Frequent question: What is a community interest charity?

A community interest company (or CIC) is a special form of non-charitable limited company, which exists primarily to benefit a community or with a view to pursuing a social purpose, rather than to make a profit for shareholders.

How does a CIC work?

A CIC is a special type of limited company which exists to benefit the community rather than private shareholders. To set up a CIC , you’ll need: … an ‘asset lock’- a legal promise stating that the company’s assets will only be used for its social objectives, and setting limits to the money it can pay to shareholders.

What are members of a CIC?

A CIC can be formed with any number of members (it can be a single member company or involve a wide membership) and can have a mix of stakeholders, so that investors can be involved and can be paid dividends or performance-related interest.

Should I set up a charity or a CIC?

Charities can claim relief on most income and gain, and on profits from some activities. They can also claim back tax previously paid on any income they receive – such as the income tax paid on donations. By contrast, CICs don’t get any tax breaks, even if their objects are entirely charitable.

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What are the disadvantages of a CIC?

Disadvantages: The CIC has to comply with the same formalities and ongoing compliance as a limited company, such as the formalities of incorporation, filing accounts, and maintaining the company register. CICs are also subject to further obligations, such as ongoing reporting to the CIC regulator.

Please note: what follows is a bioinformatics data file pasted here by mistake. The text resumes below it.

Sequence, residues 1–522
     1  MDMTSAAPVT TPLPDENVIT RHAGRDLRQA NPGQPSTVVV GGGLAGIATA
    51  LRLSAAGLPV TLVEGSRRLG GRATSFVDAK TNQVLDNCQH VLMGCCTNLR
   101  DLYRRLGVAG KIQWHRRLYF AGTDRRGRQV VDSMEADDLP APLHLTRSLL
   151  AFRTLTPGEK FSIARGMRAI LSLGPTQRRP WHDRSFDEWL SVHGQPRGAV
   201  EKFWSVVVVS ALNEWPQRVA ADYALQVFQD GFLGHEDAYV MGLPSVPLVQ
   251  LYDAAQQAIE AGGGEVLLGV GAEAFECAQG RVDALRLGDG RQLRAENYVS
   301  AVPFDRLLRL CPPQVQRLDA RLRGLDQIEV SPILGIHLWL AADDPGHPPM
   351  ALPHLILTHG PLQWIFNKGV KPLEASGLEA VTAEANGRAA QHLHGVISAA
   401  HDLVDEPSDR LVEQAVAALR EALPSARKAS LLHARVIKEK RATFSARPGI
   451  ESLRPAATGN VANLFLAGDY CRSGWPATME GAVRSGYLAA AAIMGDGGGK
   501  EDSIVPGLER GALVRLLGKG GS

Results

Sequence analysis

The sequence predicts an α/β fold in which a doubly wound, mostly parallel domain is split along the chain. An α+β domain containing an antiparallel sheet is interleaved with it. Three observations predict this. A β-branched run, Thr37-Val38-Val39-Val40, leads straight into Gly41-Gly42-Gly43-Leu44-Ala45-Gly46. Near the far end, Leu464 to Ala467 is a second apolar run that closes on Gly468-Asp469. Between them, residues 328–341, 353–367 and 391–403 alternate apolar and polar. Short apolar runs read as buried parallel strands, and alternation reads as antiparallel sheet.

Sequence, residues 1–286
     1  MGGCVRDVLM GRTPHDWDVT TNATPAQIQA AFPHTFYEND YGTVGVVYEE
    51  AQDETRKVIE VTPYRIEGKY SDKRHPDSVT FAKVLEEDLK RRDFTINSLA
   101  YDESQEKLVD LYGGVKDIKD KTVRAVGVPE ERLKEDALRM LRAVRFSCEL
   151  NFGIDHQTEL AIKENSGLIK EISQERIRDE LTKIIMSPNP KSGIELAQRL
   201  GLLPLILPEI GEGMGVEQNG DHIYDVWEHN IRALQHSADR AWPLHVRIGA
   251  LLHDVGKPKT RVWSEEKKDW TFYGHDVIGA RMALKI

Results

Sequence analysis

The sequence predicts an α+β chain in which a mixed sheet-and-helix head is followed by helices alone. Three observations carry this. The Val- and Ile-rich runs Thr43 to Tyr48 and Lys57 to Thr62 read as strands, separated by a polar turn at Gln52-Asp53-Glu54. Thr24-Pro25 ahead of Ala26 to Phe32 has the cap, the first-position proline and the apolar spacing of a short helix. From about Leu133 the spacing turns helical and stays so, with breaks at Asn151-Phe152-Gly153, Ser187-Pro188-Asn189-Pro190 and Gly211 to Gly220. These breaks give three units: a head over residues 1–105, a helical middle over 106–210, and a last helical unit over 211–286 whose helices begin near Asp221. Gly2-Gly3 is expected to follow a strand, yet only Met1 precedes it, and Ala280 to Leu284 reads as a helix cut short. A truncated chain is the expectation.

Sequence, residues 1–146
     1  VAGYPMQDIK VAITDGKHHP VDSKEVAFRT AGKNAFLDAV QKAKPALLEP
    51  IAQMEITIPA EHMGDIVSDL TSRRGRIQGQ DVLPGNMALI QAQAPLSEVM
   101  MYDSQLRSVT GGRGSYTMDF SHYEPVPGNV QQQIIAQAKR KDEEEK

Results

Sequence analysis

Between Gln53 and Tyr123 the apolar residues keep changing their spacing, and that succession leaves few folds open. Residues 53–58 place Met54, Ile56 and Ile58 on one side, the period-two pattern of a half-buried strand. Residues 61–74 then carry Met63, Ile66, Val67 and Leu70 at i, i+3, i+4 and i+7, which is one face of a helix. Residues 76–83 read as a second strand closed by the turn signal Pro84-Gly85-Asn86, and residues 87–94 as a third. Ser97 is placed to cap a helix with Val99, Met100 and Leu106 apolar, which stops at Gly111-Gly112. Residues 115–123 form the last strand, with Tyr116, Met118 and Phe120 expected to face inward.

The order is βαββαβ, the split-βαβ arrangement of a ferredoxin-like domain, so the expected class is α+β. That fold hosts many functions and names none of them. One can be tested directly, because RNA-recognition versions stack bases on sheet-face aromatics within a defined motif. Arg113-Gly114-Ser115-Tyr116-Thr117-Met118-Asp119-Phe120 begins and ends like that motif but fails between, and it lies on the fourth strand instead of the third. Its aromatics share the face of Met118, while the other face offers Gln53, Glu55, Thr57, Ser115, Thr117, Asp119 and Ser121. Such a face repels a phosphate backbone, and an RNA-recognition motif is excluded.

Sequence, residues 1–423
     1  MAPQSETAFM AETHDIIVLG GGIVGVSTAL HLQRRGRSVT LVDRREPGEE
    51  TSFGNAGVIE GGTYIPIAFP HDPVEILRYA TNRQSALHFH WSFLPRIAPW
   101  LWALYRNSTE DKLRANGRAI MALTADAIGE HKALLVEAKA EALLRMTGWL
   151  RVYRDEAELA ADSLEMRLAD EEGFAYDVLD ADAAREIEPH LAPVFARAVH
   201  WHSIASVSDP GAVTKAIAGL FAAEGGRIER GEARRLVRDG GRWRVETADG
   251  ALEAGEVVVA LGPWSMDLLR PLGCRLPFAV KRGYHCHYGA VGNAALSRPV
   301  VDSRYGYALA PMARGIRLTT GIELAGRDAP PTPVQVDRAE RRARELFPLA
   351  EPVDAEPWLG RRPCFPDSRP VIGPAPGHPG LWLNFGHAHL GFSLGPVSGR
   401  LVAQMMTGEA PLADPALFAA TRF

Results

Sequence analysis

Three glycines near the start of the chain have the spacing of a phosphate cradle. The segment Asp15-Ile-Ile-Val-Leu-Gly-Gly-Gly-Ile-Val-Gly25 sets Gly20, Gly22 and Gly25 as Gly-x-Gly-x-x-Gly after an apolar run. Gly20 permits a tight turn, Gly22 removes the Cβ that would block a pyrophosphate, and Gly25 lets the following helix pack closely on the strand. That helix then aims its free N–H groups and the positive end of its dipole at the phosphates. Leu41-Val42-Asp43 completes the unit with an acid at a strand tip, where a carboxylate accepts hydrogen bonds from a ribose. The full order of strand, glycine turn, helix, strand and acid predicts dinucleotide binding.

Can a CIC pay its directors?

2. CIC Directors may be paid for their services. … However, many CICs will be actively trading businesses that need good directors if they are to be successful. Such CICs will usually need or wish to remunerate their directors in order to ensure that they achieve their full potential to benefit the community.

How are community interest companies funded?

A Community Interest Company (CIC) limited by guarantee with no share capital (CLG) has no shareholders. … CLGs usually raise funds through grants or donations, rather than from shareholders.

Can a CIC take donations?

CICs are taxed in the same way as normal companies. They are subject to corporation tax and VAT and a CIC that makes donations to charity can deduct this as a charge when calculating its profit for corporation tax purposes.

How do community interest companies make money?

A community interest company (CIC) limited by guarantee is a ‘not for profit’ company, this means that it does not operate for private profit. Any profit generated is used to grow and develop its business which is benefiting an identified community, or goes directly to benefit that community.

What is the difference between a member and a director of a CIC?

Shareholders and directors have two completely different roles in a company. The shareholders (also called members) own the company by owning its shares and the directors manage it. Unless the articles say so (and most do not) a director does not need to be a shareholder and a shareholder has no right to be a director.

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Can a CIC pay staff?

A major advantage of CICs is that their directors can be paid a salary, which means that the founders of the CIC can retain strategic control of the enterprise by sitting on the board as paid directors.

Does a CIC need an accountant?

Accounting for CICs

Copies of statutory accounts should always be sent to: Companies House, HMRC, all shareholders and those who attend the company’s general meetings.

How much does it cost to set up a CIC?

Enabling you to register your company name with Companies House, register with HMRC for Corporation Tax and gain approval from the CIC Regulator to form a CIC , all at the same time. The filing fee for an online incorporation for a CIC is £27 and is payable by card or PayPal.

Can a CIC own property?

The CIC or charity can own property, and rent space to the other. One of the other reasons why you might want both is because part of your work is charitable, and part of it isn’t – so it wouldn’t qualify to be delivered within the charity.

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